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Recent trends affecting workers' compensation – including health care reform and the recession – may provide unexpected resultsBy Kyle W. Morrison, associate editor
The United States has recently undergone a great deal of change in a short period of time. The continuing global recession has sent unemployment numbers skyrocketing and driven large and small companies out of business. Financial reform initiatives appear to have slowed the recession’s effects, but how long before the nation emerges from the worst downturn in a generation remains to be seen.
Health care reform legislation also has garnered a great deal of media attention. Months after being signed into law, it continues to be fiercely debated, and its effects on the economy and nation as a whole may not be seen for many years because of the delayed implementation of its provisions. What emerges from the combination of these events and other long-established trends may have a significant impact on workers’ compensation.
Recently signed health care reform laws – the Patient Protection and Affordable Care Act (H.R. 3590) and the Health Care and Education Reconciliation Act (H.R. 4872) – sharply divided the United States over various provisions, but it is not clear how exactly they will impact workers’ comp.
“It’s very uncertain,” said Harry Shuford, chief economist at the National Council on Compensation Insurance Inc., a Boca Raton, FL-based provider of workers’ compensation and employee injury data. In a recently issued white paper, NCCI attempted to anticipate how the various provisions in the health care reform laws may change the administrative systems and costs for workers’ comp. The uncertainty is due to several factors, including a lack of details and length of time in implementing reform; potentially offsetting impacts; and the various actions taken by claimants, health care providers, insurers and regulators, the paper said.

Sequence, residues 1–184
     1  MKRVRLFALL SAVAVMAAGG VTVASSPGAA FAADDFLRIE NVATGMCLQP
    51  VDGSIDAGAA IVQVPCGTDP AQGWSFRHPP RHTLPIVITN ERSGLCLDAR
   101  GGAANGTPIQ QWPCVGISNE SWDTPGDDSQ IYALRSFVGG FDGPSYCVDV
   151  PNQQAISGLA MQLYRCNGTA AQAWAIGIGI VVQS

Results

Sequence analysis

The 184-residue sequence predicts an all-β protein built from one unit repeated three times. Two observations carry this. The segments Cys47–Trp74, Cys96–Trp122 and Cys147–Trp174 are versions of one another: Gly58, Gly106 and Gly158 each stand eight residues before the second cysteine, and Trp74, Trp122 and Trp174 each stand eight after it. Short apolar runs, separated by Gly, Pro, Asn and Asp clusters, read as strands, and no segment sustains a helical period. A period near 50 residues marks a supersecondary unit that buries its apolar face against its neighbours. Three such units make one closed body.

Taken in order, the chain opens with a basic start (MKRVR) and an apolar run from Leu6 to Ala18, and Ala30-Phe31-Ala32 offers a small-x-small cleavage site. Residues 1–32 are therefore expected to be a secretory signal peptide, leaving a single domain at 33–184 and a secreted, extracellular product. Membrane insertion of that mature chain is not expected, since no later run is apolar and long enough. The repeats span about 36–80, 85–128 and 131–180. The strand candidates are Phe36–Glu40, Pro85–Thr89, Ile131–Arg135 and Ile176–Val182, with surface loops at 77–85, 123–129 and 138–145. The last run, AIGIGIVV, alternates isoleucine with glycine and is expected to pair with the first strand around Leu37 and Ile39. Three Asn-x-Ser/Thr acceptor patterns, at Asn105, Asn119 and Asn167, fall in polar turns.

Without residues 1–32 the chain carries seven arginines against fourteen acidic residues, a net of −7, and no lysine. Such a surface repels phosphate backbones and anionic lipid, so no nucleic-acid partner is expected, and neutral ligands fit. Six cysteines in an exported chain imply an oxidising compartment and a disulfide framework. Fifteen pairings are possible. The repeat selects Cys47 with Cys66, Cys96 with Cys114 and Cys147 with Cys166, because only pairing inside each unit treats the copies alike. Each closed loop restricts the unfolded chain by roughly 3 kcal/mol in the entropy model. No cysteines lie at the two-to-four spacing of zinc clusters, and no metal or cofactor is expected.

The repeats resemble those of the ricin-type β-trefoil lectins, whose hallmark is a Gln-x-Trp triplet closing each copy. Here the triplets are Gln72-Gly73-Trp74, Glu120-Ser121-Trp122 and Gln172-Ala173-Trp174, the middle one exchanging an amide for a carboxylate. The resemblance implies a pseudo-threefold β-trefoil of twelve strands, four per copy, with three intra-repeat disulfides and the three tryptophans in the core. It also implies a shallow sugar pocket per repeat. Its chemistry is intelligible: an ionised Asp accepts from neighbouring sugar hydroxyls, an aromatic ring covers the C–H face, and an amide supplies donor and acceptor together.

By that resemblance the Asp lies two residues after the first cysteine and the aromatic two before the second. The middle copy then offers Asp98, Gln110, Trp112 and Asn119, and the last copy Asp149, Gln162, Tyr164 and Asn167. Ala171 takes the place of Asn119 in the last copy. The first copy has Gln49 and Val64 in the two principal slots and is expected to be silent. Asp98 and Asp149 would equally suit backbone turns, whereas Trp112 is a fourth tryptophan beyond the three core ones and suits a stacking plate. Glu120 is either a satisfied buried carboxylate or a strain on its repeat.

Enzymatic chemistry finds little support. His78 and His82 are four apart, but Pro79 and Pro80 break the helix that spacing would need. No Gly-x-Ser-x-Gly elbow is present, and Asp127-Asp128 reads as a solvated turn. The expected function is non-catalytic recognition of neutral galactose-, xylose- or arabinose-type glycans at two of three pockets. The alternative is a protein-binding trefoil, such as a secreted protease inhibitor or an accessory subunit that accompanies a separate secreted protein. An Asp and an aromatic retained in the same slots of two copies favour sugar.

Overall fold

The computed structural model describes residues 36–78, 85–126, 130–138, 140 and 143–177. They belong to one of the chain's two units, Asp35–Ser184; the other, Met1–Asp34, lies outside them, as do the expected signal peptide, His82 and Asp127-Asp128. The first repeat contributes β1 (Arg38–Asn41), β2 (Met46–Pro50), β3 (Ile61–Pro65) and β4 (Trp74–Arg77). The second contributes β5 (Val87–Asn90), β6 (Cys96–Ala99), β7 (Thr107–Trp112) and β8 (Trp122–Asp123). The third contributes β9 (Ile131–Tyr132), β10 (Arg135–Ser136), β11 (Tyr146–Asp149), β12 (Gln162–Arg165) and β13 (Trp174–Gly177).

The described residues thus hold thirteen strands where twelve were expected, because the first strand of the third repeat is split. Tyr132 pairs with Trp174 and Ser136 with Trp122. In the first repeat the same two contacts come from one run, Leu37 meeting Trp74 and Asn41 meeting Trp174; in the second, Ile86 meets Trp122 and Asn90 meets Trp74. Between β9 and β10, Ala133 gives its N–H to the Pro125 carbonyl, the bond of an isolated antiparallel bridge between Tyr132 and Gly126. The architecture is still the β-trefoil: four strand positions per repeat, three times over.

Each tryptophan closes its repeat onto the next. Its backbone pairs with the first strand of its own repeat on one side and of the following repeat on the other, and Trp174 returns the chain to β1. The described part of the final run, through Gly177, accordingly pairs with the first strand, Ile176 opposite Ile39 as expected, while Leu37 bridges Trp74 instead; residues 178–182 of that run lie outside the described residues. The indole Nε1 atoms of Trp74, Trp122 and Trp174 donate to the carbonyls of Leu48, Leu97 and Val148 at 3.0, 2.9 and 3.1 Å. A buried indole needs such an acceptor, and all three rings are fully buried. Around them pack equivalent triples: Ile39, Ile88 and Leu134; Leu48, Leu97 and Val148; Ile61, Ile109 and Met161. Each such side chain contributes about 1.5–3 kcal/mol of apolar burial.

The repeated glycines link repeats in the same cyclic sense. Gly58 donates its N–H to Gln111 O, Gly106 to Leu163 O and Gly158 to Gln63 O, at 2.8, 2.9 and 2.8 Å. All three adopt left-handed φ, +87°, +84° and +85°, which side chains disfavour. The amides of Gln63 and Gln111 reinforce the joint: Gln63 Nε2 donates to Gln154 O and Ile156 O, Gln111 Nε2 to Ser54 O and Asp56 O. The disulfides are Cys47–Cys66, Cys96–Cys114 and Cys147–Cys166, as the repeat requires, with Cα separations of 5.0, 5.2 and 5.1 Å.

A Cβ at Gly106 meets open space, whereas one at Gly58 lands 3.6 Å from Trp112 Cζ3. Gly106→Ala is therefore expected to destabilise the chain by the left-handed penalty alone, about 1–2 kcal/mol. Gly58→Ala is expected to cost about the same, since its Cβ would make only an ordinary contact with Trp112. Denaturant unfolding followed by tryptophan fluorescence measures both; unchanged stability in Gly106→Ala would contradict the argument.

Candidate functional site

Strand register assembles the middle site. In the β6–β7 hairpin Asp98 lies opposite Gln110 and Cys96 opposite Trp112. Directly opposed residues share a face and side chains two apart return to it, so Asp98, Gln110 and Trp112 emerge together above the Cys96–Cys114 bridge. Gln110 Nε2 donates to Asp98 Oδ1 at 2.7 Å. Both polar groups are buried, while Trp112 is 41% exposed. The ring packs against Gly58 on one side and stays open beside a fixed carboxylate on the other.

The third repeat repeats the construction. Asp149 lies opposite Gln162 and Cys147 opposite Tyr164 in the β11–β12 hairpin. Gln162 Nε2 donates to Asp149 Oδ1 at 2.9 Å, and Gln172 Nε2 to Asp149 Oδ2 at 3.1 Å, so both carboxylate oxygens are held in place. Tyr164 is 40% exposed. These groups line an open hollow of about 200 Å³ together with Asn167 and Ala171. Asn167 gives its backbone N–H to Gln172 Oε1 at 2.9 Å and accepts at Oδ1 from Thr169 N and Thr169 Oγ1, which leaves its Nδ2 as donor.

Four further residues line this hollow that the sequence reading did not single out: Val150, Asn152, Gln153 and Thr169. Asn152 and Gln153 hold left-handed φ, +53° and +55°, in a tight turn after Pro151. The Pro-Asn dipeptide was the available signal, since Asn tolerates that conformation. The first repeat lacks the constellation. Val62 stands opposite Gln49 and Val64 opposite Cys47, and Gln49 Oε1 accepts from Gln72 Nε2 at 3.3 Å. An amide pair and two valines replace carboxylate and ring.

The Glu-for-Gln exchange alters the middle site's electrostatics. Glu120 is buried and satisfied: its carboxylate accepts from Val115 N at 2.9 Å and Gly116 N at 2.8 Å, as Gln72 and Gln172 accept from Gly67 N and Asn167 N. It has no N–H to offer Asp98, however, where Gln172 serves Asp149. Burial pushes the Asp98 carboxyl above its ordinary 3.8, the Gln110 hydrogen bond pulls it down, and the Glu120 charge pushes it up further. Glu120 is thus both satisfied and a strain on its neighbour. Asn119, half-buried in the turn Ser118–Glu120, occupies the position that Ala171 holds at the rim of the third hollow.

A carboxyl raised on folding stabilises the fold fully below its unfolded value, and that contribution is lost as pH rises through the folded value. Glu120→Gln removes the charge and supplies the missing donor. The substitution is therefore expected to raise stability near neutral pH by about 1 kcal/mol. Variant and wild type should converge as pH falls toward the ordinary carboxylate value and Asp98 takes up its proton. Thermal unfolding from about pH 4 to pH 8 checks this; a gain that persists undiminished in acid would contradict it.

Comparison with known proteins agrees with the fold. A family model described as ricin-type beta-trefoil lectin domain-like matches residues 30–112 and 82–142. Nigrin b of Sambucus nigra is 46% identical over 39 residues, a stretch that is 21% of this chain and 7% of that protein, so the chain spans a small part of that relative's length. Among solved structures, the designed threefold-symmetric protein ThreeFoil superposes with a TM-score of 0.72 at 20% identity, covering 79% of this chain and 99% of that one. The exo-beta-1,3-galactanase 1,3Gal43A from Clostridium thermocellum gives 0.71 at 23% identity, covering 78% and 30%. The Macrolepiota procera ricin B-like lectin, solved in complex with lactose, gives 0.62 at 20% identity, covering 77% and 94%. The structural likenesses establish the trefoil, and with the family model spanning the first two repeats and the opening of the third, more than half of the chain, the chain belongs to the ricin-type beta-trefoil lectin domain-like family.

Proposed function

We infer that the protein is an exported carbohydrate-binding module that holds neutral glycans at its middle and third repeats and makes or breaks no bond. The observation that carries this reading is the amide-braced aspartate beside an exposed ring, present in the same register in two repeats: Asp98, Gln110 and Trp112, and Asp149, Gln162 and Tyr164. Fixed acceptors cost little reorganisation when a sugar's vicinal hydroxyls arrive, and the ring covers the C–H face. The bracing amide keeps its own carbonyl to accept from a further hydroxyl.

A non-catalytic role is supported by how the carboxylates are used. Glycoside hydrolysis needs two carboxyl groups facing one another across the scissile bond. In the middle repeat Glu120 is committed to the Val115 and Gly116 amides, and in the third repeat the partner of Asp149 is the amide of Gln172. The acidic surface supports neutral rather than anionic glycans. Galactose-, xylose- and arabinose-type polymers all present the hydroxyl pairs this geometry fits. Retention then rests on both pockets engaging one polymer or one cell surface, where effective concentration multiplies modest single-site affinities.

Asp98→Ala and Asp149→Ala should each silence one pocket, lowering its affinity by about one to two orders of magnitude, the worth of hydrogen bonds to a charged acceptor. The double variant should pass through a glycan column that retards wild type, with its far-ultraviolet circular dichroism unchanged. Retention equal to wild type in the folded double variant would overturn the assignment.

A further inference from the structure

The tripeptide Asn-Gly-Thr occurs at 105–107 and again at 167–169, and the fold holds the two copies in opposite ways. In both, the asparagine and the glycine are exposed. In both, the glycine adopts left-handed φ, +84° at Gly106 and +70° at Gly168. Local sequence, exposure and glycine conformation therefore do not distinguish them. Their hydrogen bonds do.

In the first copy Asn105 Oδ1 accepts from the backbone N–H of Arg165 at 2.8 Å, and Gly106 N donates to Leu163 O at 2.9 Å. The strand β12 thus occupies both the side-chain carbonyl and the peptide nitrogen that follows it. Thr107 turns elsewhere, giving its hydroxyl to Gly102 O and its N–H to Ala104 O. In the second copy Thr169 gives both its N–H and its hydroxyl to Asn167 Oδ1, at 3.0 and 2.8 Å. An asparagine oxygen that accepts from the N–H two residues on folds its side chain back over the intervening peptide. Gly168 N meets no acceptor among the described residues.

NCCI pointed to some possible effects – both direct and indirect – on the workers’ comp insurance market. Provisions of the reform law expand Federal Coal Mine Health and Safety Act benefit provisions regarding “black lung” – defined by NIOSH as a serious yet preventable occupational lung disease that stems from inhaling coal mine dust. The provisions also eliminate requirements to prove a miner’s death was the result of an occupational disease to receive survivor benefits, and reinstate a 15-year rebuttable presumption of total disability for FCMHSA benefits.
These provisions make it easier to approve federal “black lung” benefits and will increase the benefits payable, according to NCCI. As a result, future insurance premium costs will increase, as will retroactive costs for people filing claims that had previously been denied. NCCI believes other provisions also may have long-term effects:
- Because the law requires insurance providers to cover people with pre-existing conditions, workers’ comp funding of treatment for pre-existing, non-work-related conditions could decline.
- Wellness initiatives in the law may help reduce incidence and the duration of workers’ comp claims.
- Provisions facilitate early entry of generic drugs into the market, which could produce cost savings in workers’ comp if the generic drugs are made available sooner.
- The law’s fraud and abuse enforcement and penalty provisions may help raise compliance.
The great recession
According to the Cambridge, MA-based National Bureau of Economic Research, the organization that provides the national designation of “recession,” the current recession began in December 2007 and continues as of this article’s deadline. And although much of the workers’ comp data from the recent recession was not fully available at press time, some of the emerging figures indicate the recession has had a substantial effect on workers’ compensation.